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Labor Day still part of 101 critical days of summer

By Jim Giacobbe | 37 Training Wing Safety Office | Nov. 20, 2006

Lackland Air Force Base, Texas — What is Labor Day and why do we celebrate it? Unlike other holidays we celebrate, this holiday, celebrated the first Monday in September, was born in the early days of our country's labor movement and is dedicated to the social and economic achievements of American workers.

Labor Day is a yearly national honor or tribute to the contributions workers have made to increase the power, wealth and safety of our nation.

As safety and occupational health specialists, our main focus is keeping our workers safe in their industrial work environment. Knock on wood; with the cooperation of our workers, supervisors, and managers throughout the installation, we do a great job in minimizing risk and preventing mishaps from occurring.

Unfortunately, off-the-job safety is a different matter. The biggest thing we have going for ourselves is the education and safety-related training that we have received on the job during our Air Force careers.

It is important to take what we have learned on the job home with us to protect ourselves, our families and our loved ones.

One of the tools we use on the job is Operational Risk Management, or ORM.
Off the job we may choose to simplify ORM and use an abbreviated process known as ACT which is: Assess the environment for risks, Consider options to limit risk, and Take appropriate action.

That said, the activity that goes on during Labor Day weekend is special. Recreation is the name of the game and throughout America we do it best. Sports, boating, hiking, swimming, picnics and travel both near and far are just some of the ways we celebrate.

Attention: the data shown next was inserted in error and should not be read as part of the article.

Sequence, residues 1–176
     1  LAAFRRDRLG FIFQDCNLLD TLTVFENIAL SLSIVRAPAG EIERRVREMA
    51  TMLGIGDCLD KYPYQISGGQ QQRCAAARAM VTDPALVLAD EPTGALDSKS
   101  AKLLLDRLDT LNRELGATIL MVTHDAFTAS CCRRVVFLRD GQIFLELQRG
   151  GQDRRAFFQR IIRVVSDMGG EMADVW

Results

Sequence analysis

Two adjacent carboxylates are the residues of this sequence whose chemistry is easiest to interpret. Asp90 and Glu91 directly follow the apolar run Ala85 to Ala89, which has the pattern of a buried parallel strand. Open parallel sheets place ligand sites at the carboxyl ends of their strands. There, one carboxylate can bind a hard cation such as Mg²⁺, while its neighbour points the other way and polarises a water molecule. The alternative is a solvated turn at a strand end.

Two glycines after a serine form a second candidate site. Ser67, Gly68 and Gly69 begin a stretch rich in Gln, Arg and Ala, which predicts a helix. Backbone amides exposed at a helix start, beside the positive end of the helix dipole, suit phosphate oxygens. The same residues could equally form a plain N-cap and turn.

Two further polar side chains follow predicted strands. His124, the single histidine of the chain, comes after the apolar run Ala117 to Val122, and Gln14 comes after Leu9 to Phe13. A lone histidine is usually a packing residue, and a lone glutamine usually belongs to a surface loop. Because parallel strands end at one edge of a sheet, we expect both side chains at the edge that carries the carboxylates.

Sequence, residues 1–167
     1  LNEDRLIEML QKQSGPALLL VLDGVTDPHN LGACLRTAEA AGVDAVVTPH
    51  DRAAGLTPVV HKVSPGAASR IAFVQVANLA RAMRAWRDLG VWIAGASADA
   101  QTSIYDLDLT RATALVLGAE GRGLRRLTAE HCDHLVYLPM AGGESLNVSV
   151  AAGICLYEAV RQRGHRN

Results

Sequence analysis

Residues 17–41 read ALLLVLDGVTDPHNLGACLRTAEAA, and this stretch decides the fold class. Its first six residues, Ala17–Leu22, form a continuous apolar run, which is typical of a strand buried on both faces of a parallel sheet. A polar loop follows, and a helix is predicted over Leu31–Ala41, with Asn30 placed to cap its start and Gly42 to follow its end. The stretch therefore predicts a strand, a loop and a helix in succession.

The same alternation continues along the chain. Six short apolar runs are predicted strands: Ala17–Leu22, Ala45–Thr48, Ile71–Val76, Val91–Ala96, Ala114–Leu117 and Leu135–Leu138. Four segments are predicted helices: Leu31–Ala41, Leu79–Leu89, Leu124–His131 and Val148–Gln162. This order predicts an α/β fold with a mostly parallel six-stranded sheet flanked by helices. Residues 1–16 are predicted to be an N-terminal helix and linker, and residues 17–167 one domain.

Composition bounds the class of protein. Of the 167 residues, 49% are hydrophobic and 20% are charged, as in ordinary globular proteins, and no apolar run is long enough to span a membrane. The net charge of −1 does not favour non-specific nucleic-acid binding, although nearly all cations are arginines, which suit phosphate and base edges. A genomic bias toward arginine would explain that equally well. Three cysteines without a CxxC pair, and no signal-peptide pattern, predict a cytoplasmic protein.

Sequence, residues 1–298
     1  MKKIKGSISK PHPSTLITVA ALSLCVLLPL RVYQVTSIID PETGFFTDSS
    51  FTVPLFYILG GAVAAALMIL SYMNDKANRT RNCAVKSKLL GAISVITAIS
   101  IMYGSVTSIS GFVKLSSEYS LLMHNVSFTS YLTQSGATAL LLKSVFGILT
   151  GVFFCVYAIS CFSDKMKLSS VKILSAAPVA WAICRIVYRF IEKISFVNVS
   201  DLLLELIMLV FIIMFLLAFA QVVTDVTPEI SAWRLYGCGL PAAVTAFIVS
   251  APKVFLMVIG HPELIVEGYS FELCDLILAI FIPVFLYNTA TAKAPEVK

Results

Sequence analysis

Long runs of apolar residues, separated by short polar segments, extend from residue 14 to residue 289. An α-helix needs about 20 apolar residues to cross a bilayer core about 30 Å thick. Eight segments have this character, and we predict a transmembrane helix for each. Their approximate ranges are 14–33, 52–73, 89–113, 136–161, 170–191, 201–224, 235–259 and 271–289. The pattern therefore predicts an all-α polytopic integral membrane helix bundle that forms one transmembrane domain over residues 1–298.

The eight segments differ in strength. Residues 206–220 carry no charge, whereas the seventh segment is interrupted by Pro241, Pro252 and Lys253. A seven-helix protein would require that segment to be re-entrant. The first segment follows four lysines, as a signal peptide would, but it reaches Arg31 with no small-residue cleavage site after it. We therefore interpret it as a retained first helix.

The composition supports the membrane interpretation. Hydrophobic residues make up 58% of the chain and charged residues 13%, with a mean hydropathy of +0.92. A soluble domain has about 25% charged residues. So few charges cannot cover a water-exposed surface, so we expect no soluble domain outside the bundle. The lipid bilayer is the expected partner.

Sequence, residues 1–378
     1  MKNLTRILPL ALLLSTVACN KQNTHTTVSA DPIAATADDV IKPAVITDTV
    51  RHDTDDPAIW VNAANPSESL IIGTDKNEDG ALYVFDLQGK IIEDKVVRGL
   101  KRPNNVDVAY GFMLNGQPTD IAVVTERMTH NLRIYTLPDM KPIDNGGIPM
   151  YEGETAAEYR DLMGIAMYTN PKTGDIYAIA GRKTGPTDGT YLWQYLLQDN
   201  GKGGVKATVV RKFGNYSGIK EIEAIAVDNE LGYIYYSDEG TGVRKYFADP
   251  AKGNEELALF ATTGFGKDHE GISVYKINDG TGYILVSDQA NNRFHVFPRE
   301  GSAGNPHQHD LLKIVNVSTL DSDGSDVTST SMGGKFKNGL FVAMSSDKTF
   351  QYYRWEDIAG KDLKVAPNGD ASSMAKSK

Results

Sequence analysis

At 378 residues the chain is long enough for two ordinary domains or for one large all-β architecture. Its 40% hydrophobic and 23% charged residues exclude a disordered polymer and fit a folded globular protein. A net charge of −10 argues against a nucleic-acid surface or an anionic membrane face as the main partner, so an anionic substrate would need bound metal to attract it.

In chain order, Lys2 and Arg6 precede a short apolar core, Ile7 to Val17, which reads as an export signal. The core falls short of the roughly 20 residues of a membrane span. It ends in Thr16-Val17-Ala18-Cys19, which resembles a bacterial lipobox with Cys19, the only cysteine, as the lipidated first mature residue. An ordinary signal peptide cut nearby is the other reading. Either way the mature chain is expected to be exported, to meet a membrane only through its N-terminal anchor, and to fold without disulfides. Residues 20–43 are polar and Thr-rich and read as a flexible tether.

Here are a few tips to help keep you safe.

- Plan ahead, consider your experience level and understand the hazards that may be involved and control them.

- Plan for the unexpected and emergencies.

- Check the weather.

It's important to know your limits and not to exceed them. Prior to physical activities remember to stretch and warm up. Before hiking or traveling, make a trip plan and follow it. It is also a good idea to leave a copy of your plan with others.

When planning a road trip, always take extra supplies such as fan belt, food, water, flashlight and a map of your route.

It's important to start out with adequate rest and to take frequent breaks along the way. Always remember to ensure your passengers, as well as yourself, are properly wearing seat belts.

If you plan to swim, never swim alone, and know your swimming ability. It is always best to swim in a controlled area that is monitored by a lifeguard.

Check the water before diving: shallow depth and hidden debris are always considerations when swimming.

When barbequing, gasoline may never be substituted for charcoal lighter fluid. The grill should be kept at least five to 10 feet away from the house, deck or any other combustible structure.

Also, keep children and pets away from the grill as they may accidentally bump it and get burned, or knock the grill over.

Always ensure the coals are completely extinguished before disposing of them.

Labor Day, is as American as Mom's apple pie, hot dogs, baseball, or ice cream on a warm summer night. Most of all, there is safety in Labor Day.